An Introduction to Online Advertising
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An Introduction to Online Advertising

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This lecture gives a short introduction to online advertising. It talks about the history of advertising, introduces some of the key concepts and terminology, and offers tips for content creators ...

This lecture gives a short introduction to online advertising. It talks about the history of advertising, introduces some of the key concepts and terminology, and offers tips for content creators interested in advertising as a monetization option.

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An Introduction to Online Advertising Presentation Transcript

  • 1. (Stanford BUS-21) Martin Westhead Mastering Marketing Online Advertising How to make money by giving things away
  • 2. Overview  History  Targeting and Relevance  Types of advertising  How the industry works  Tips for selling ads yourself http://www.adjuggler.com/docs/AdJuggler_guidetoonlineadv.pdf http://en.wikipedia.org/wiki/Online_advertising
  • 3. HISTORY
  • 4. Revenue growth in online advertising http://www.iab.net/about_the_iab/recent_press_releases/press_release_archive/press_release/pr-052611
  • 5. Early 90’s  Online advertising poorly understood  Both ad media and delivery were simple  Advertisers would pay for a banner ad for a period of time  Reporting based on web stats  Used a print model - Ad size - Expected number of unique visitors
  • 6. Ad servers  Mid 90’s  Rotate multiple ads through same space  Campaign - start and end dates - Impression limits  Track number of - Impressions - Click-throughs  Started to move away from print models
  • 7. Ad Units  Standard ad unit sizes developed - 468x60 banner ad - 125x125 cubes - 728x90 leaderboards - 120x600 skyscrapers  Meant ad media did not have to be customized for each site
  • 8. Developments  Display - Larger ads - Animated and Video ads - Floating (covers page content) - Interstitials (have to view first) - Expandable (responsive) - Roll over (reacts to mouse-over) - Take-overs  Delivery - Targeting: Geography, demographic - Relevance  Theory: Ads became more enagaging/memorable  Balance: intrusion/effectiveness
  • 9. TARGETING AND RELEVANCE
  • 10. Relevance  Ideal ads are content - DIY drones ad survey - Google search - Vogue / Cosmopolitan  Positive comments “Very cool that I'm IN the #LadyFootLocker ads on my site, even though I’m PLANKING and not looking very glamorous! CC: @GlamMedia” “This reskin is really making me want a new phone!”
  • 11. Ad-content mismatch can be bad… “There is a Nuvaring ad playing on our education sites, this is RIDICULOUS. Get it off in all sizes and ALL education and child sites, this cannot keep happening.” “I find it really hypocritical for a vegan blogger to have an ad for a non vegan product. It really limits their credibility to me.”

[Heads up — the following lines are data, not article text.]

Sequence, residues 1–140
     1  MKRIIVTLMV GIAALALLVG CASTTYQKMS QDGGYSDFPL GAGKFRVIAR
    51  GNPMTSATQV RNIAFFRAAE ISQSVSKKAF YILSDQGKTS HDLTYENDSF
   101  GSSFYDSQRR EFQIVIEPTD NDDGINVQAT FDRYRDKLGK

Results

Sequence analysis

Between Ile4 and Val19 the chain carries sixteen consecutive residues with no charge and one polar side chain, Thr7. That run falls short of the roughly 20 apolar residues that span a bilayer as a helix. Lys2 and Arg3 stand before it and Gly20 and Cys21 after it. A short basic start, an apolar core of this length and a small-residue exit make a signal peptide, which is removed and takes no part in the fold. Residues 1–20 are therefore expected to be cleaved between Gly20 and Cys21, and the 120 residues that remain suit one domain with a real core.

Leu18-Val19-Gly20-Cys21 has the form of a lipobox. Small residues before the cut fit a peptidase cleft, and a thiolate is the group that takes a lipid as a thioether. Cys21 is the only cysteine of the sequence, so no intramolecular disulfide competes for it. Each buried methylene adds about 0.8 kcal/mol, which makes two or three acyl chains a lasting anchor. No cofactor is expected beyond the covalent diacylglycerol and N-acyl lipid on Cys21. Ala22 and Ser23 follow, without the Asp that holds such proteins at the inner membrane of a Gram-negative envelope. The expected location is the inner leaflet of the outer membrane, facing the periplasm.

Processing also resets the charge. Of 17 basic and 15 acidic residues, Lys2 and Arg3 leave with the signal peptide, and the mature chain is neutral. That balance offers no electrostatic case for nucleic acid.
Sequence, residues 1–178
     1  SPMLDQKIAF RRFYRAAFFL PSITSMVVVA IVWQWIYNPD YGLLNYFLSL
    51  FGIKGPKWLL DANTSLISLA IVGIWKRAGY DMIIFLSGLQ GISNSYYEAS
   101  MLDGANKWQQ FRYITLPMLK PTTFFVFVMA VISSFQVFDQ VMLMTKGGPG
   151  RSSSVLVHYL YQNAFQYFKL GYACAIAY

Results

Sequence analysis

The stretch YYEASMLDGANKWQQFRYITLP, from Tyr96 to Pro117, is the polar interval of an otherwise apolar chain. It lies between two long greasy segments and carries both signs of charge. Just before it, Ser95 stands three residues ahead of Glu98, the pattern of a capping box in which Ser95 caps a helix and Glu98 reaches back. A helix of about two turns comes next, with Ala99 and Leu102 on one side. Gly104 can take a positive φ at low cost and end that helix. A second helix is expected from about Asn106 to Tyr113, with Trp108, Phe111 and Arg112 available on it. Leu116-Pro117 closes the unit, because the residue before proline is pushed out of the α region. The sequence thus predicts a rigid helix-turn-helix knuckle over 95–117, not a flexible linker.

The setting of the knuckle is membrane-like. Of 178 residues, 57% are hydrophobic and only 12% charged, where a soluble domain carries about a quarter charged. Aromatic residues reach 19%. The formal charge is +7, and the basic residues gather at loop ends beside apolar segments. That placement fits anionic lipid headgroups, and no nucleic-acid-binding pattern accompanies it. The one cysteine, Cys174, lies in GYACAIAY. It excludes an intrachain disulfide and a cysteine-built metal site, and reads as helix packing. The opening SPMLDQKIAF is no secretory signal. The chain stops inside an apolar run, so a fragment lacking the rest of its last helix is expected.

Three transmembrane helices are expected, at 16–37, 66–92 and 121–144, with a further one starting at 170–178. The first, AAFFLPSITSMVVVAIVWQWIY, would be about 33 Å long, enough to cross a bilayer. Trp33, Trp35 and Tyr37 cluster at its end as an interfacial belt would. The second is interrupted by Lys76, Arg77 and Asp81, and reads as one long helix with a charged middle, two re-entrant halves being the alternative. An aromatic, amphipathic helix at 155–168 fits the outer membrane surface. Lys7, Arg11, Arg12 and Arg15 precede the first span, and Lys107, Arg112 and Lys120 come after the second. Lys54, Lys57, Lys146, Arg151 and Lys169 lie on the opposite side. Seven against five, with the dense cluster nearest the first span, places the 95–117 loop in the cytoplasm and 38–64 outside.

• 12. Privacy  Need info to create relevance - Context on page - Viewing history - Demographic - Purchase history  Lots of information is collected - Reasonably anonymous - More information on mobile  Improving relevance is an important area of competitive innovation  Scale helps – more views, more people, more context
  • 13. TYPES OF ADVERTISING
  • 14. Types of advertising  Sponsorship  Banner Run  Affiliate  Pay per Click  Native ads
  • 15. Sponsorship  What - Sponsor all or part of a site - Usually exclusive for a period - Good for branding or new product - Advertisers like it because more likely to sink in  Strengths - Advertiser: Exclusivity, psychological link with content - Publisher: Stability, single sale  Weaknesses - Advertiser: content relevance, no page view guarantee - Publisher: only one advertiser
  • 16. Banner Run  What - Buy X impressions at Y CPM (cost per 1000) - Impressions to be presented in a window of time - Can take on elements of sponsorship  Strengths - Simplicity – everyone knows what they are getting  Weaknesses - Can be ineffective, easily ignored, hard to return to ad - CPMs are often low
  • 17. Affiliate  What - Publisher is rewarded for sales or sign-ups on advertisers site - Tracking code identifies customer came from publisher - Example: Amazon affilates  Strengths - Publisher can make a lot more money - Advertiser gets publishers to do the advertising  Weaknesses - Publishers: only works if they can drive sufficient useful traffic often not effective for smaller sites
  • 18. Pay-Per-Click  What - Associated with search engines & contextual advertising - Advertiser pays for each click  Strengths - Advertiser: only pay for clicks (genuine user interest) - Publisher: Click-throughs are more valuable  Weaknesses - Publisher: only worthwhile if audience clicks - Advertiser: CPP for popular keywords may not be cost effective